Image A-01626 Courtesy of Royal BC Museum and Archives.
In San Francisco Lester was a partner with Gibbs in the Pioneer Boot and Shoe Emporium on Clay Street in San Francisco. It was in this store that two white men assaulted him with a cane and stole a pair of shoes. He could not press charges against the men because courts did not allow testimony by African Americans against whites. Then pro-slavery agitators demanded they remove their 15-year-old daughter Sarah from an otherwise all-white school. There was also newly introduced measures by the state legislature to ban any black immigration to California. These events were the catalyst for the Lesters to join the exodus of African Americans to Victoria.
While he was a well-known and respected activist in the Abolitionist movement, he himself was a private man and left no documents or personal papers; so it is speculation that he may have felt some satisfaction that in 1860 he was the 1st Black to sit on a jury in the Vancouver Island colony.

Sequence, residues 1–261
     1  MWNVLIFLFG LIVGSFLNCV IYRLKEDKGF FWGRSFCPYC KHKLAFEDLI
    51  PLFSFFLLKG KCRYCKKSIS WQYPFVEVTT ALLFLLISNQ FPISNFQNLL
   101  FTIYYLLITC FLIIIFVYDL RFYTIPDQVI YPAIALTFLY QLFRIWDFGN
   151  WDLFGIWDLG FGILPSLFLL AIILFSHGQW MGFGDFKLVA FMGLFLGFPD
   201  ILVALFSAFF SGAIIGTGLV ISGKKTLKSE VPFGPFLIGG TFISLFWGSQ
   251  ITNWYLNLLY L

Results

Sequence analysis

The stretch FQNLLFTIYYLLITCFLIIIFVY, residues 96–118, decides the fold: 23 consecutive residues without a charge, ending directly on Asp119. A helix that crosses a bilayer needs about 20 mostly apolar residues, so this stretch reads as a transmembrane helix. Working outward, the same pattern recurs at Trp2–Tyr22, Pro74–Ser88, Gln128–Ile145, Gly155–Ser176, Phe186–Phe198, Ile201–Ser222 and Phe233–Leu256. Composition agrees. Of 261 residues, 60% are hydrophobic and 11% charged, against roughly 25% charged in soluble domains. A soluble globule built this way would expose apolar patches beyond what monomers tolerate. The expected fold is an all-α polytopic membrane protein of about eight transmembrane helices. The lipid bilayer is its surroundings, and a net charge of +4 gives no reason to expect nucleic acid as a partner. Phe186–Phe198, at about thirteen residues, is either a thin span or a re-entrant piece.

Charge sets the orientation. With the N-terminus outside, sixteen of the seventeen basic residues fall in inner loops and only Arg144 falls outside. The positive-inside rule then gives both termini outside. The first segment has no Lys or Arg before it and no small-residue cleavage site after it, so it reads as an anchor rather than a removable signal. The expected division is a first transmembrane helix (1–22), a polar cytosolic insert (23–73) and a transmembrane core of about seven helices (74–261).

An article appears in the Colonist August, 17, 1890 RAMBLING REMINISCENCES – A chat with Mr. Peter Lester about the Early Days. The conversation takes place at Peter Lester’s home on Vancouver Street and starts with “Almost every pioneer of Victoria knows Mr. Peter Lester. More than thirty years ago Mr. Lester’s kindly face was first seen in Victoria.”
After the death of his wife Nancy in February 1892, he sold his properties and returned to the United States.